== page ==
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Showing posts from November, 2010

Lexington & Concord: Blood Spilled Between Brothers/Enemies

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The Revolutionary War was a bloody conflict between men who had once been loyal to the same government. Over time, they had grown apart until it seemed as if they were not even speaking the same language. The truth is that they did speak the same language. But while they used the same words, those words started to have different meanings to the men and women on either side of the wide Atlantic Ocean. If I were to teach based on passages from Robert A. Gross's The Minutemen and Their World , I might choose the following passages and propose prompts that required the following analysis: The search-and-destroy operation was largely conducted with restraint – perhaps because British officers, appalled by the break-down of discipline and by the bloodshed at Lexington common, were determined to avoid further incidents. In the town center an officer demanded admission to Timothy Wheeler’s storehouse, where numerous casks of provincial flour lay. Wheeler readily let them in. Playing the e

Wordle One-Upped: I Tagxedo-ed My Blog

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Upon the suggestion of a friend and colleague who commented on a previous post , I went beyond Wordle and "Tagxedo-ed" my blog! Thanks Danja (a.k.a. @MagistraM on Twitter or read her blog, Magistra's Musings ) I like the newest large word: LEARNING! Now that one makes me happy. What makes Tagxedo better than Wordle? You can decide design the word cloud color scheme, word font, cloud shape, file size, and more! You don't have to create an account and you can add a bunch of words or put in the URL of a blog or website. There is a cool part of the website called " 101 " that has 101 ways to use Tagxedo. I can think of at least 20 off the top of my head, but even if you aren't a teacher it is a great tool! Enjoy!

I Wordled my Blog!

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Wordle is an easy-to-use tool that can help teachers and students analyze primary source documents, poems, blogs, or anything else that contains text. I have used it with my students before, but a video blog that Howie DiBlasi tweeted this morning reminded me to check it out again. This is how Wordle works: Once you enter the text, Wordle creates a word cloud that makes the words used most often appear more prominently. I thought I would Wordle this blog, to see if I am truly addressing the topics I set out to address when I started it: history, politics, and technology in the high school classroom. I have to admit that I was pretty happy with the results: Click here for a larger view . The Results that Made Me Happy students : The fact that "students" is the largest word means that I use that word the most. It also means that it seems to be the primary focus of most of my posts. This thrilled me because it means that I truly have followed through on my goal of putt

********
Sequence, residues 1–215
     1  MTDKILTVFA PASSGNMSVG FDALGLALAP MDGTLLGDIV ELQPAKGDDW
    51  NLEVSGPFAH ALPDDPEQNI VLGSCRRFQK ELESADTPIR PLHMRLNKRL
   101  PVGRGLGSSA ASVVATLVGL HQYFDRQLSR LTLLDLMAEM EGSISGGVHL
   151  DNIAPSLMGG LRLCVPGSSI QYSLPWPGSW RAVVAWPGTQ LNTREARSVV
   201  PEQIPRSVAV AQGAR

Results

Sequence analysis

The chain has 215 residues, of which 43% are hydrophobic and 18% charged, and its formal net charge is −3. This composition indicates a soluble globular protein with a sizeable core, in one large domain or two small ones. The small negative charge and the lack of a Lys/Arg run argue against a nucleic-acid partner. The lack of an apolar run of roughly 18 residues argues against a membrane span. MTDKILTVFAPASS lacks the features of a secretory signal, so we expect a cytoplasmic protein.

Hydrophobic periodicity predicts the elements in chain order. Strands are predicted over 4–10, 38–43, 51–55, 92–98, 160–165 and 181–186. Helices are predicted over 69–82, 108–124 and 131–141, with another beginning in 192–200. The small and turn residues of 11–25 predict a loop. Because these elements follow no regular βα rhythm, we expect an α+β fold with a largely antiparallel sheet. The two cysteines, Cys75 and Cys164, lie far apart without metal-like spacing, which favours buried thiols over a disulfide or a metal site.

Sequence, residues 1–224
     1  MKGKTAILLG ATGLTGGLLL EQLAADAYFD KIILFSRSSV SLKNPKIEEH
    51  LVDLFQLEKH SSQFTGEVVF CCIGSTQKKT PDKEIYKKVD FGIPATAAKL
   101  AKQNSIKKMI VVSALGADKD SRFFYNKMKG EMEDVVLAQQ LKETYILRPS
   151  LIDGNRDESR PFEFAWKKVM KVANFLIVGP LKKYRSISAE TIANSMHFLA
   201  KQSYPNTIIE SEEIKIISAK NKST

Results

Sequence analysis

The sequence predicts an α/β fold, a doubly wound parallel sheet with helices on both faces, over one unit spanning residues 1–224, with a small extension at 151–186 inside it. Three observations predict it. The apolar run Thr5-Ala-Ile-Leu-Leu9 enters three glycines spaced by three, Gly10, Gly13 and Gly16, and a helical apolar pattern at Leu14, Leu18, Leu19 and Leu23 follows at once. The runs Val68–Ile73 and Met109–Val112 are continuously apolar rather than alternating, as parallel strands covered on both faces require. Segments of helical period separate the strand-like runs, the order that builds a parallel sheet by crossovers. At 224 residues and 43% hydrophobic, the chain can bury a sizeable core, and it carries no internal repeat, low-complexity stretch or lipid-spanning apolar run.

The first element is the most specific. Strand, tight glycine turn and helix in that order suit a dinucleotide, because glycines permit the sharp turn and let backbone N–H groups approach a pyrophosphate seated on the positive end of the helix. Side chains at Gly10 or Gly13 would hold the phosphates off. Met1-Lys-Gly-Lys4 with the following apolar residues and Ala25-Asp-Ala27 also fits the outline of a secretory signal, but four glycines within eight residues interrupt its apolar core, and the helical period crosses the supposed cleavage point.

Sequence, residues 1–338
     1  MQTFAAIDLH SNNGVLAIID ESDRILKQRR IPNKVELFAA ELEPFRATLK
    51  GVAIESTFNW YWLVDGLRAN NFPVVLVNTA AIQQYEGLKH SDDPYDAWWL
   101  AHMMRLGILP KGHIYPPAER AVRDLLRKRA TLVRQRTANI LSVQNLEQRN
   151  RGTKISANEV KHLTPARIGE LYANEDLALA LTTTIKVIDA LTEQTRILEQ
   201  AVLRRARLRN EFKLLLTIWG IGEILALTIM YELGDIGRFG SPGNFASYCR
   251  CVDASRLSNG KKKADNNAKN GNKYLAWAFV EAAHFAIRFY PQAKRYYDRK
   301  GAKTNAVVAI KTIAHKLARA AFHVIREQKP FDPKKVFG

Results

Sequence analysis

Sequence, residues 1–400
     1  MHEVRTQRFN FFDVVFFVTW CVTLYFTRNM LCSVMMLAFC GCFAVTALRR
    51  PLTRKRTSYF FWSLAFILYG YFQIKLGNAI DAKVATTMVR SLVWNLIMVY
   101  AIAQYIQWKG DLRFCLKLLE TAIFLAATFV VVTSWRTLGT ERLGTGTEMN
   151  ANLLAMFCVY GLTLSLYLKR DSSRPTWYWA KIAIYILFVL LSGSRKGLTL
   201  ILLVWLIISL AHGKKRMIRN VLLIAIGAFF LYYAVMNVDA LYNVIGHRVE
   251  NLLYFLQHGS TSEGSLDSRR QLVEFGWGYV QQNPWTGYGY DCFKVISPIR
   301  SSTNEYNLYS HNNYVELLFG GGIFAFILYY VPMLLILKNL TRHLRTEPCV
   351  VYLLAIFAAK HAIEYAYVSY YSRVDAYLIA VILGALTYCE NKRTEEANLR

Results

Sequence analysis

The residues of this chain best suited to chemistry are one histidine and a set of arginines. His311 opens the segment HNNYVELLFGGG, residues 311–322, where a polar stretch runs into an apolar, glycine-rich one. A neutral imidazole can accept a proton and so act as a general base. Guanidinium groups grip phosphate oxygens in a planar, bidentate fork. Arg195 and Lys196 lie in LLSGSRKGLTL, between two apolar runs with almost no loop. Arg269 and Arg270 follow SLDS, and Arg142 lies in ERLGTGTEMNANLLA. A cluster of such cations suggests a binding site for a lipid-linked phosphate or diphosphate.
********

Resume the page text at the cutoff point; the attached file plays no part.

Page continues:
Great Questions

Teachers often complain that students are only driven by physical needs and their shallow desire to bring their GPA to the highest number possible. We want our students to have their physical needs met before they enter our classroom, so they are ready to embark on the 1 hour adventure we have planned for them. We want our students to be excited to learn the content, because we are passionate about teaching it. As a result, we sometimes tire of calling on a student who has raised his/her hand only to hear questions like: Can I go to the bathroom? Can I get a drink? Does this count? How much is this worth? I left my binder/homework/book/calculator/sweatshirt/fill-in-appropriate-item-here in my locker. Can I go get it? I was out yesterday. Did I miss anything? In an effort to lift my own spirits and remind myself of the natural curiosity my students have, I decided to sit down and write some of the great questions I have heard lately. Here are some examples of great questions my student

Restoring Sanity... in the Public School Classroom

I have been reading some of the bloggers' reactions to John Stewart's rally in Washington D.C. this past weekend. Stewart always adds quite a bit of humor to his liberal-leaning presentation of the news. He was joined at the rally by his dubious conservative counterpart on Comedy Central, Stephen Colbert. Here is a short clip of the opening festivities: While the introduction is comical, it is delivered with intelligence and sharpness that have made Stewart a success. This is exactly what young Americans who are still interested in politics, despite the anger and mediocrity with which the talking heads deliver it to us on network news, are searching for. Despite the stereotyping, young Americans do not require everything to be entertaining (well, maybe some of them do). The larger point is that the political parties that run the elections and government have become farther and farther apart, leaving most young Americans standing in the middle trying to decide between t